Vernon Davis: Breaking Down Why He Should Play Wide Receiver

Baily Deeter@@deetersportsSenior Writer IIIJune 26, 2013

NEW ORLEANS, LA - FEBRUARY 03:  Vernon Davis #85 of the San Francisco 49ers reacts against the Baltimore Ravens during Super Bowl XLVII at the Mercedes-Benz Superdome on February 3, 2013 in New Orleans, Louisiana.  (Photo by Ezra Shaw/Getty Images)
Ezra Shaw/Getty Images

Wide receivers are supposed to be athletic and capable of catching passes, and Vernon Davis certainly fits the bill.

The San Francisco 49ers' tight end is extremely fast, and he has been catching passes throughout his career. Davis stepped up in the postseason for the 49ers, and he caught a touchdown in the NFC Championship Game.

San Francisco made it to Super Bowl XLVII, and Davis was a big reason why. Receiver Michael Crabtree also played a big role, as he caught three touchdowns and accumulated 285 yards in the playoffs. However, with Crabtree injured, the 49ers need a receiver to step up.

Anquan Boldin, who accumulated 380 receiving yards and won the Super Bowl last season with the Baltimore Ravens, was acquired via an offseason trade. He will start at one of the two receiver spots, but that doesn't solve all of the 49ers' problems. There are lots of unproven options at the second spot.

That's where Davis comes in.

Raw wideouts A.J. Jenkins, Ricardo Lockette and Quinton Patton have potential, but the three have combined for two NFL catches. All are extremely athletic, but none are likely to transform the offense.

Jenkins will help, and he and quarterback Colin Kaepernick should have good chemistry. However, Lockette is extremely raw and has never been a consistent producer, and Patton hasn't progressed as the 49ers had hoped.

Jenkins will play a lot, he'll get a plethora of chances to portray his speed, athleticism and make some catches, he won't completely solve the 49ers' problems.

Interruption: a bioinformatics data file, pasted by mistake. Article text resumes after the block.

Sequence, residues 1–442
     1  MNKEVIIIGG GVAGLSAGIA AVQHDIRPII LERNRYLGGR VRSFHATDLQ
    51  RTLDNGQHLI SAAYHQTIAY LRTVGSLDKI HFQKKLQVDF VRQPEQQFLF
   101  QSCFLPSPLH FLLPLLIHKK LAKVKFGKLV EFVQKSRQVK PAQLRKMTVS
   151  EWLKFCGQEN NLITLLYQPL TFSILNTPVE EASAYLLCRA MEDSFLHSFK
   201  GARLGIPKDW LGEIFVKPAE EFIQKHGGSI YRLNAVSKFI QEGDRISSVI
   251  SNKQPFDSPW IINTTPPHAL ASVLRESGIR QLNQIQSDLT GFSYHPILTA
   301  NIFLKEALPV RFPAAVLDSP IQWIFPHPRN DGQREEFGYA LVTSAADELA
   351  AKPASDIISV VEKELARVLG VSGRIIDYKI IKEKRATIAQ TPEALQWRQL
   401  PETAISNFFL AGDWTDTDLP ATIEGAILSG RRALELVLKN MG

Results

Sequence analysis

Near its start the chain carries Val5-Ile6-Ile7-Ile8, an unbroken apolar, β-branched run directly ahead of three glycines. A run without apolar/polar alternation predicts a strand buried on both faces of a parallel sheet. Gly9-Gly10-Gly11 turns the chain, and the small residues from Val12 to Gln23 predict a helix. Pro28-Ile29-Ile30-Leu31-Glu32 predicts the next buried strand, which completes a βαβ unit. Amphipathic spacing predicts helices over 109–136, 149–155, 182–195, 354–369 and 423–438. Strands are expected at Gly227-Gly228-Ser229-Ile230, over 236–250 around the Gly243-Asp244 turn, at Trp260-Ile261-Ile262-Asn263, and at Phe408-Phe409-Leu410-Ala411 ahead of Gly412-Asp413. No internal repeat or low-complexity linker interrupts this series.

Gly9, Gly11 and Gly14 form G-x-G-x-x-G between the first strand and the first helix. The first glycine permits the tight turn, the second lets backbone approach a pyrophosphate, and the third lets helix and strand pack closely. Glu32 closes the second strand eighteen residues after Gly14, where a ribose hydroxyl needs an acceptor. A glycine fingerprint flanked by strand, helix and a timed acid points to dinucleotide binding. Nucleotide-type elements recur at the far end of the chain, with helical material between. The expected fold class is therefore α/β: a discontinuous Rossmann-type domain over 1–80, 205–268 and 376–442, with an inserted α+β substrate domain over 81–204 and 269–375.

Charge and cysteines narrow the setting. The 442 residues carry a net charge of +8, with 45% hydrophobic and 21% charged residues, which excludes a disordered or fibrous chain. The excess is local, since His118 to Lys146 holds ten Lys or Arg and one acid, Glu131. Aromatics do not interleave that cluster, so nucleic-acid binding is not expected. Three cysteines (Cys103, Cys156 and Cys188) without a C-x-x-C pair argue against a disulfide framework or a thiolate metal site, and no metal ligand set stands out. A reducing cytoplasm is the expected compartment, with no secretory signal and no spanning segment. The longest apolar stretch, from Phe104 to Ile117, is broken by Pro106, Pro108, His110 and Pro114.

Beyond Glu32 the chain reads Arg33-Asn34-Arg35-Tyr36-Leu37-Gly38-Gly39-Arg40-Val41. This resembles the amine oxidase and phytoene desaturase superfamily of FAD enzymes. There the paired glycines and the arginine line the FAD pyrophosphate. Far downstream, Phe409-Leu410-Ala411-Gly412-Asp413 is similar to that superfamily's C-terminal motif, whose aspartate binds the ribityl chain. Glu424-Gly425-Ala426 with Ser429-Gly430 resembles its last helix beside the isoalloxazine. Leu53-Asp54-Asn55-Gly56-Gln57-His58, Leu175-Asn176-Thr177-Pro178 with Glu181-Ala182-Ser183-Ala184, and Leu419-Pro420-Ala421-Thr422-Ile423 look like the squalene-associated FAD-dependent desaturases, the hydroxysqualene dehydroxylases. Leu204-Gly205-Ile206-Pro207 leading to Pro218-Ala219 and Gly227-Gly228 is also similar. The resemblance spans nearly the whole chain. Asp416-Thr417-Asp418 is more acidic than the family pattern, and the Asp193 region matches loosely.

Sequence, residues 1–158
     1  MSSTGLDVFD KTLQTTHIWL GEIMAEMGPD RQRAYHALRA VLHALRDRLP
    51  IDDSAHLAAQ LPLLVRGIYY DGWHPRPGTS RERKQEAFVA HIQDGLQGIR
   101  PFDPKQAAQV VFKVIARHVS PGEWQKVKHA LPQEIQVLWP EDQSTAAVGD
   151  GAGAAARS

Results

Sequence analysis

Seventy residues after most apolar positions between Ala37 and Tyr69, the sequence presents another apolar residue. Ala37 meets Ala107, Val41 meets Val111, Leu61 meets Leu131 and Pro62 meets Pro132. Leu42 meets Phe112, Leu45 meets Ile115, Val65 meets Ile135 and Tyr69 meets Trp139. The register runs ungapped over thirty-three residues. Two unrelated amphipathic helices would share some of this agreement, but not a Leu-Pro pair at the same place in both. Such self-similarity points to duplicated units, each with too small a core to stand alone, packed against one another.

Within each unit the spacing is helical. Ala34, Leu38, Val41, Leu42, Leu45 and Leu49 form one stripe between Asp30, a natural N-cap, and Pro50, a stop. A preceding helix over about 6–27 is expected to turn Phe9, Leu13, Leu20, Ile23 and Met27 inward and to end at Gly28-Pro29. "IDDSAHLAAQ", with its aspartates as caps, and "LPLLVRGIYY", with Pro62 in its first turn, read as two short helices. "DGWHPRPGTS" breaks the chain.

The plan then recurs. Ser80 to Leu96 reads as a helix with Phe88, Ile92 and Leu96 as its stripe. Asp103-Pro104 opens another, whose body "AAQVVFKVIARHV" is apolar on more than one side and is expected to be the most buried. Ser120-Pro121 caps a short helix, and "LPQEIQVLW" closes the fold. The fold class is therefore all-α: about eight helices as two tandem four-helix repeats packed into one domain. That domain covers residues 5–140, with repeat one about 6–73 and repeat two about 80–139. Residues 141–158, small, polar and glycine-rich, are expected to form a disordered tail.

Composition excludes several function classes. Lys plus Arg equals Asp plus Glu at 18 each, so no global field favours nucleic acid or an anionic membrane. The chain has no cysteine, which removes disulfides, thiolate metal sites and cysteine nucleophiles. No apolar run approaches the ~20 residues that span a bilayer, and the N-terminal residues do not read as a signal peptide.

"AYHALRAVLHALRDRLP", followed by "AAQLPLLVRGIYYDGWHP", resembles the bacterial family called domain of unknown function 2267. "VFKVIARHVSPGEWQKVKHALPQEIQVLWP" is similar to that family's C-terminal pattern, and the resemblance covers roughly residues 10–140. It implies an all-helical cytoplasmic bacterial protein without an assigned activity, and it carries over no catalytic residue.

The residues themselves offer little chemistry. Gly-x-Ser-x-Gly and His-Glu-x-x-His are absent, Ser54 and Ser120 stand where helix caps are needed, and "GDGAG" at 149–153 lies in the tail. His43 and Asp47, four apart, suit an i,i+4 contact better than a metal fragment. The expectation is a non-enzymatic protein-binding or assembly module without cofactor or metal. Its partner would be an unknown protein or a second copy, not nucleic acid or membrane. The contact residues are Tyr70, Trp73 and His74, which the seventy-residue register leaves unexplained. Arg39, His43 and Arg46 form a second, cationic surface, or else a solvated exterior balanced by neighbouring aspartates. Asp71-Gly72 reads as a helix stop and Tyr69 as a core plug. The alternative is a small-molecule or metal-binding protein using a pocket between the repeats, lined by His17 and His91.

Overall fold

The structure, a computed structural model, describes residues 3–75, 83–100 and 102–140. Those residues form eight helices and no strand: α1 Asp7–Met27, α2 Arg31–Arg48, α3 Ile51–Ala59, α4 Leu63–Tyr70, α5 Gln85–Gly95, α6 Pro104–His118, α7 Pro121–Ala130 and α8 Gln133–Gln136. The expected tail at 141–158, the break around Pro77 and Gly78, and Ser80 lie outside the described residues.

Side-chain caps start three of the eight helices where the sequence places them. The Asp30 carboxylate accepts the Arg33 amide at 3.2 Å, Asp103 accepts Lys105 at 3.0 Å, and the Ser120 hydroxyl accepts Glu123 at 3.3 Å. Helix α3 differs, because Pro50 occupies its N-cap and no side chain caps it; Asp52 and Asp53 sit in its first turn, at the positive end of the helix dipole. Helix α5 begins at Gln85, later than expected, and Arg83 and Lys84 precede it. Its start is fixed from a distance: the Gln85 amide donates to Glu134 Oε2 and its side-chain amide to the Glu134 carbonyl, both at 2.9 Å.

If Patton and Lockette don't make a big impact, the 49ers will need depth at wide receiver. According to The Santa Rosa Press Democrat, Davis could be turned to for depth and experience at the position.

While Davis doesn't have experience at receiver, he has been in the NFL for seven years. He already is a dominant pass-catcher and vertical threat, and he would be able to put those skills on display if he switched positions.

Davis is 6'3" and weighs 250 pounds, so he can go over the middle and take hits. When he plays tight end, he goes up against linebackers, which is a complete mismatch. He can muscle his way by strong linebackers, and he can also blow by fast linebackers. Somehow, Davis has a 4.38 40-yard dash to his credit.

There are faster cornerbacks in the league, but it would be extremely hard to find someone who could stay with Davis and handle his physicality for 60 minutes. He's a matchup nightmare for linebackers, and he has the potential to wreak havoc on corners as well.

However, just because he can get open doesn't mean he can play wide receiver. Receivers need to have reliable hands, and Davis has reliable hands. According to The SF Gate, his drop rate has been steadily decreasing each year

In addition, Grant Cohn of The Santa Rosa Press Democrat raved about a catch Davis made in OTAs. Davis went one-on-one with safety Darcel McBath, and he blew by McBath, accelerated on a pass that appeared to be overthrown and ran under it for a touchdown.